Health-related quality of life after single-fraction high-dose-rate brachytherapy and hypofractionated external beam radiotherapy for prostate cancer

Gerard C Morton, D Andrew Loblaw, Hans Chung, Gail Tsang, Raxa Sankreacha, Andrea Deabreu, Liying Zhang, Alexandre Mamedov, Patrick Cheung, Deidre Batchelar, Cyril Danjoux, Ewa Szumacher
International Journal of Radiation Oncology, Biology, Physics 2011 August 1, 80 (5): 1299-305

PURPOSE: To investigate the change in health-related quality of life for men after high-dose-rate brachytherapy and external beam radiotherapy for prostate cancer and the factors associated with this change.

METHODS AND MATERIALS: Eligible patients had clinically localized intermediate-risk prostate cancer. The patients received high-dose-rate brachytherapy as a single 15-Gy implant, followed by external beam radiotherapy to 37.5 Gy in 15 fractions. The patients were monitored prospectively for toxicity (Common Terminology Criteria for Adverse Events, version 3.0) and health-related quality of life (Expanded Prostate Cancer Index Composite [EPIC]). The proportion of patients developing a clinically significant difference in the EPIC domain score (minimally important difference of >0.5 standard deviation) was determined and correlated with the baseline clinical and dosimetric factors. The study accrued 125 patients, with a median follow-up of 24 months.

RESULTS: By 24 months, 23% had Grade 2 urinary toxicity and only 5% had Grade 2 bowel toxicity, with no Grade 3 toxicity. The proportion of patients reporting a significant decrease in EPIC urinary, bowel, sexual, and hormonal domain scores was 53%, 51%, 45%, and 40% at 12 months and 57%, 65%, 51%, and 30% at 24 months, respectively. The proportion with a >1 standard deviation decrease in the EPIC urinary, bowel, sexual, and hormonal domain scores was 38%, 36%, 24%, and 20% at 12 months and 46%, 48%, 19%, and 8% at 24 months, respectively. On multivariate analysis, the dose to 10% of the urethra was associated with a decreasing EPIC urinary domain score (p = .0089) and, less strongly (p = .0312) with a decreasing hormonal domain score. No association was found between the prostate volume, bladder dose, or high-dose volume and urinary health-related quality of life. A high baseline International Index of Erectile Function score was associated (p = .0019) with a decreasing sexual domain score. The optimal maximal dose to 10% of the urethra cutpoint for urinary health-related quality of life was 120% of the prescription dose.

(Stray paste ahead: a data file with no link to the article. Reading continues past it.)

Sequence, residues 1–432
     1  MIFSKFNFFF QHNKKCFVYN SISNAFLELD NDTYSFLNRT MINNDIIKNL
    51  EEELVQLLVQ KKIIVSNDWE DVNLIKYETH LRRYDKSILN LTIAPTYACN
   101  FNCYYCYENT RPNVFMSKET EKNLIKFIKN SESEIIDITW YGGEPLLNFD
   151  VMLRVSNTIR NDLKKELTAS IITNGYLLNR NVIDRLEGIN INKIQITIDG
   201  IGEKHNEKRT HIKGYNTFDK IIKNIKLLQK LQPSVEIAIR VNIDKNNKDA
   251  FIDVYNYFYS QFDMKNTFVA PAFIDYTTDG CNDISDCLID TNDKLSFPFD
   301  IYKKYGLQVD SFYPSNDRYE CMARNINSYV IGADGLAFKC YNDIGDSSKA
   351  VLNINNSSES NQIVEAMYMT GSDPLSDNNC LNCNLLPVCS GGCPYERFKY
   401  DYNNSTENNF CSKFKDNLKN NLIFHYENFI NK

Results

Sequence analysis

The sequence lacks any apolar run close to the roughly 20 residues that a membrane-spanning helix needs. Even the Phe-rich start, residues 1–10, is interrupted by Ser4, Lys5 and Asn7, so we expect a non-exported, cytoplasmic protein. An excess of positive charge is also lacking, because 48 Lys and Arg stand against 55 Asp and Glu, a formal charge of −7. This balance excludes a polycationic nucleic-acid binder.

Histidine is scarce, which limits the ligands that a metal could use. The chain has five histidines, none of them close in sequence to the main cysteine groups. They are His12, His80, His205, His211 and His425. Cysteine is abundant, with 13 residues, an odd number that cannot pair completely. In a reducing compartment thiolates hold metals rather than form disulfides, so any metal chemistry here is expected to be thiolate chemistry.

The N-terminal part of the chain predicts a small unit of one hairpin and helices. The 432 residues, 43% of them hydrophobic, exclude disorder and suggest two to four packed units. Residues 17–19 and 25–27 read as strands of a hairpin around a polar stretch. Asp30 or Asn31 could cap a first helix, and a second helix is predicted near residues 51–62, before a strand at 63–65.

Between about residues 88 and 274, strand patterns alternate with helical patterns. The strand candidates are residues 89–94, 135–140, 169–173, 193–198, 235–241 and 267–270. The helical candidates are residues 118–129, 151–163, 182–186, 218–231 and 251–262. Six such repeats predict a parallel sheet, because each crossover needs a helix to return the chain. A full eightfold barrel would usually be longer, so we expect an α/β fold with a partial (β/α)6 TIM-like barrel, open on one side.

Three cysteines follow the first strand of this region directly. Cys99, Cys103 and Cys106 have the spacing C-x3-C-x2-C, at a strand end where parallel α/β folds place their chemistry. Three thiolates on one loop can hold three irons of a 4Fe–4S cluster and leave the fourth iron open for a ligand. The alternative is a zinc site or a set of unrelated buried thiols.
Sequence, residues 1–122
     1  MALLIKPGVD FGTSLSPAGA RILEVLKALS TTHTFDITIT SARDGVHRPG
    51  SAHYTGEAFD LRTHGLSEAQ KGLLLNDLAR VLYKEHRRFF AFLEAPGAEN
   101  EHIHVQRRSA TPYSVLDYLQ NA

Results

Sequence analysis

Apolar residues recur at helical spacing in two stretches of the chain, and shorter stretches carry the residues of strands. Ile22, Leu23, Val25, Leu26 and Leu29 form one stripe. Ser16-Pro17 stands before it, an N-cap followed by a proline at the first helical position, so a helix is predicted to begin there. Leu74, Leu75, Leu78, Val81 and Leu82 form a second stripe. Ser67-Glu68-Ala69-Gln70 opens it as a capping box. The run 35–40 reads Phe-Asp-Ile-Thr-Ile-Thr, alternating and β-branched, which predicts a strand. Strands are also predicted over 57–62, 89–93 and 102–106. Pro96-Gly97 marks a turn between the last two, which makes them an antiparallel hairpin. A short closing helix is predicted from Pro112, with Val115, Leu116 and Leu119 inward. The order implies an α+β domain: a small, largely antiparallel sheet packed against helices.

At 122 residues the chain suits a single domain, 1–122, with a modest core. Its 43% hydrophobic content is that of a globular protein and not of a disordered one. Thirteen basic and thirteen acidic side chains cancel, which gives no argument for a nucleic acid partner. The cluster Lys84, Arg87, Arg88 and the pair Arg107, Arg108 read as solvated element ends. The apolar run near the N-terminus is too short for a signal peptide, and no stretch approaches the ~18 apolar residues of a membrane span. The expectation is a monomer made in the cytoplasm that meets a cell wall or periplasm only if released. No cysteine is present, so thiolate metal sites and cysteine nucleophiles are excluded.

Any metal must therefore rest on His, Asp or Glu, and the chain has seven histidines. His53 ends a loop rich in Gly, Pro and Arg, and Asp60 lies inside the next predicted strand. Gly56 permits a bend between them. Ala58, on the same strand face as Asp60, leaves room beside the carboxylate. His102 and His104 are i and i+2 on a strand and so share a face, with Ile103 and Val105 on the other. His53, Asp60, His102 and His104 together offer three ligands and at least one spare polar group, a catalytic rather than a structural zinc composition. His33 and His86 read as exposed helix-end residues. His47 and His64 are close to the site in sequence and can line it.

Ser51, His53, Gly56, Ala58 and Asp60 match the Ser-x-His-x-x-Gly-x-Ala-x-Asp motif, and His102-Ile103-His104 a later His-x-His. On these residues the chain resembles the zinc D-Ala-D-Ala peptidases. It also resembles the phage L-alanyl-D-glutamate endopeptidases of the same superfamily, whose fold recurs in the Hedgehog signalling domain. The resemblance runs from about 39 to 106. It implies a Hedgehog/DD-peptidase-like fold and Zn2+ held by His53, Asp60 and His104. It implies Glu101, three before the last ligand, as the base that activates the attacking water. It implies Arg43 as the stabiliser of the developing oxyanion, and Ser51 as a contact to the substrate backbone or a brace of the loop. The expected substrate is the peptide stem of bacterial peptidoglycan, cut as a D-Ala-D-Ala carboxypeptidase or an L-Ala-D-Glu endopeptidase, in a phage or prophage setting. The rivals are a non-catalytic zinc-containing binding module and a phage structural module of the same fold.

CONCLUSION: EPIC was a more sensitive tool for detecting the effects on function and bother than were the generic toxicity scales. The urethral dose had the strongest association with a deteriorating urinary quality of life.

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